In deep Schettino
"This jerk" of course is "Captain" Francesco Schettino. Captain Jerk from the StarCrossed Costa Enterprise.
I'm a hero, not a coward says Costa Concordia captain Francesco Schettino
In an extraordinary claim, Francesco Schettino argued he was responsible for "saving hundreds, if not thousands, of lives" by steering the crippled ship closer to shore after it struck rocks, The Daily Telegraph reported.
Even though it had suffered a fatal gash in its port-side hull, Schettino - a Concordia ship's captain for six years - tells a worried harbourmaster that everything is fine other than just a small technical problem.
When officials again managed to contact the captain, who by now was safely on shore despite hundreds of passengers still being on board, he said he was unable to return because the cruise liner had started to list badly.
Instead of obeying the orders, Schettino was reportedly seen getting into a taxi and leaving the scene as passengers were left to fend for themselves.
Read more: http://www.news.com.au/travel/news/im-a-hero-not-a-coward-says-costa-concordia-captain-francesco-schettino/story-e6frfq80-1226247888401#ixzz1jqqMSgie
Cruise Captain Says He 'Tripped' Into Lifeboat, Couldn't Get Out
"I had no intention of escaping," Francesco Schettino, 52, said during his first court hearing Tuesday, according to Italy's Corriere della Sera newspaper. ... I tripped and I found myself inside the life boat with a number of passengers."
The captain also reportedly admitted to the court that he lied at one point when he assured officials that he had dropped anchor shortly after the Costa Concordia slammed into a rock to stabilize the luxury liner.
Schettino reportedly admitted that he made mistakes that led to the crash and afterwards, but said the ship's course, including the now-controversial close pass, had been set from the beginning. The cruise line previously said Schettino had made an unauthorized deviation from the programmed route.
Cruise disaster: captain neared rocks in Facebook stunt for friend's family
In a pre-planned stunt advertised on Facebook, captain of The Concordia, Francesco Schettino, sailed perilously close to the coast of Giglio so that the ship's head waiter could salute his family on land.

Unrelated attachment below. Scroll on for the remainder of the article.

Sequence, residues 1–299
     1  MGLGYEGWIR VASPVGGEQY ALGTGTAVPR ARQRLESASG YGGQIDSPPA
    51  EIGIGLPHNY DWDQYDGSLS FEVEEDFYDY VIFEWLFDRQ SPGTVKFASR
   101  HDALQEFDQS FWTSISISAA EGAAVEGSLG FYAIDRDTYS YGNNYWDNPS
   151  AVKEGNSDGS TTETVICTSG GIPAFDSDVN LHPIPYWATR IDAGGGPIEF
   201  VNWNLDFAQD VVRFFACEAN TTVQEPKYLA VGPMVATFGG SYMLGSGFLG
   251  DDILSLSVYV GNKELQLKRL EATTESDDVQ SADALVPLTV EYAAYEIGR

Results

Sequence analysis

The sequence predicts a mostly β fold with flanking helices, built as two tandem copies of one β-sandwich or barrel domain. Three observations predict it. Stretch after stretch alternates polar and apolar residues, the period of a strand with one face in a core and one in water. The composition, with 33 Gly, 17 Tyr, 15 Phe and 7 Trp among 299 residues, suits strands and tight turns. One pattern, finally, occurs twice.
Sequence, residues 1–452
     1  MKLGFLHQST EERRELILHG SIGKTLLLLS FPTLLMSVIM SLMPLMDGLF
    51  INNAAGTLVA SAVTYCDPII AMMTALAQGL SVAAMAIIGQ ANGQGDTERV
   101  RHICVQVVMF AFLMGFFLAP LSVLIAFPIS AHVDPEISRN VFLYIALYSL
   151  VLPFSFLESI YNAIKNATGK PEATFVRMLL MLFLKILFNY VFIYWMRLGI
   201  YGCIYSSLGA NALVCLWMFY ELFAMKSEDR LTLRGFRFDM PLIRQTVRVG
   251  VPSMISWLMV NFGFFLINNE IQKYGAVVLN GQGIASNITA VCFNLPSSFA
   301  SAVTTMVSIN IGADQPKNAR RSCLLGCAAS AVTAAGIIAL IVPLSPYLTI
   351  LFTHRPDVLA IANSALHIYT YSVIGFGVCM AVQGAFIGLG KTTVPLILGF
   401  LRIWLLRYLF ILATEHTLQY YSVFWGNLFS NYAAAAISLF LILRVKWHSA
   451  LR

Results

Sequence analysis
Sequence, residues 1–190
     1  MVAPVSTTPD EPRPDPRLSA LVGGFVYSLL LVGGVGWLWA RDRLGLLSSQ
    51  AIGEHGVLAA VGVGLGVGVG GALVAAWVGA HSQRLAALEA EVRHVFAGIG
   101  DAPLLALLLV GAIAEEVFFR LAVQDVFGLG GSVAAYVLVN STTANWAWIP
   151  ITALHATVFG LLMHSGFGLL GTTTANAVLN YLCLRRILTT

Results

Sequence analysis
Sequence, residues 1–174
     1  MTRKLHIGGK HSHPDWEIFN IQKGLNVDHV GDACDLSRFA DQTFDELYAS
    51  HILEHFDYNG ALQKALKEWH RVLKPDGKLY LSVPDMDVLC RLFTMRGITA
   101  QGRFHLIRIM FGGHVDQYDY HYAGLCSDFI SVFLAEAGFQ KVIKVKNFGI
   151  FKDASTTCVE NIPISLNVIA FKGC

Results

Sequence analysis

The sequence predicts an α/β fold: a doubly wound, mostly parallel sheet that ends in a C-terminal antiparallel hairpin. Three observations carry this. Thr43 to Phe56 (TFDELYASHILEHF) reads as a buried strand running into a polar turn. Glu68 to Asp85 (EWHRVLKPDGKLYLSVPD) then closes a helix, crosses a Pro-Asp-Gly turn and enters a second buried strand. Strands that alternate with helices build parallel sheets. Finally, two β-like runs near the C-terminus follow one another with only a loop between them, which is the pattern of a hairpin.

According to Italy's Corriere della Sera newspaper, as the cruise liner approached the island's coastline Captain Francesco Schettino, 52, said to the head waiter Antonello Tievolli: "Come and see, Antonello, we're right in front of Giglio".
Minutes before the cruise ship hit the rocks, the waiter's sister Patrizia Tievoli had posted on Facebook that: 'In a short period of time the Concordia ship will pass very close. A big greeting to my brother who finally get to have a holiday on landing in Savona.'
Compare and contrast Schettino with De Falco:
Costa Concordia coastguard rejects 'hero' label
Gregorio de Falco, commander of Livorno port authority, says he just did his job when he ordered captain Francesco Schettino back to the stricken cruise ship.
"Captain," said De Falco at one point. "This is an order. Now I am in command. You have declared the abandoning of a ship and are going to co-ordinate the rescue from the bridge," adding, "What do you want to do? Go home?"
Italy's Cruise Crisis Spawns An Unlikely Star
Five days after a cruise liner slammed into rocks off Italy's Tuscan coast, the country is gripped by the contrasting profiles of two key figures in the drama — the captain charged with abandoning ship and the captain who demanded he get back onboard.
During the four-minute conversation hours after the collision, an increasingly enraged De Falco orders Schettino to return to the ship and help coordinate the evacuation of the many remaining passengers.
"You've abandoned ship! I'm in charge now," De Falco rages at Schettino, who was apparently in a rowboat at this time. "Go back and report to me how many passengers [are still onboard] and what they need. ... Perhaps you saved yourself from the sea, but I'll make you pay for this, dammit!"
Schettino can be heard trying to refuse the order. "You don't understand, it's dark here. Can't see anything," he says.
"What is it, you want to go home Schettino?" De Falco spits out. "It's dark and you want to go home?"
Eventually De Falco demands: "Go back onboard, dammit!"
De Falco's Italian expletive is actually much harsher than "dammit" — but the line has become a national catchphrase and is Italy's top trending hashtag, or keyword on Twitter.
By Wednesday morning, his words were a national slogan, with T-shirts being sold online with the words, "Go back onboard, dammit."
One tweet from a woman named Sofia Rosada said, "It's men like De Falco who should be governing, instead we are full of men like Schettino."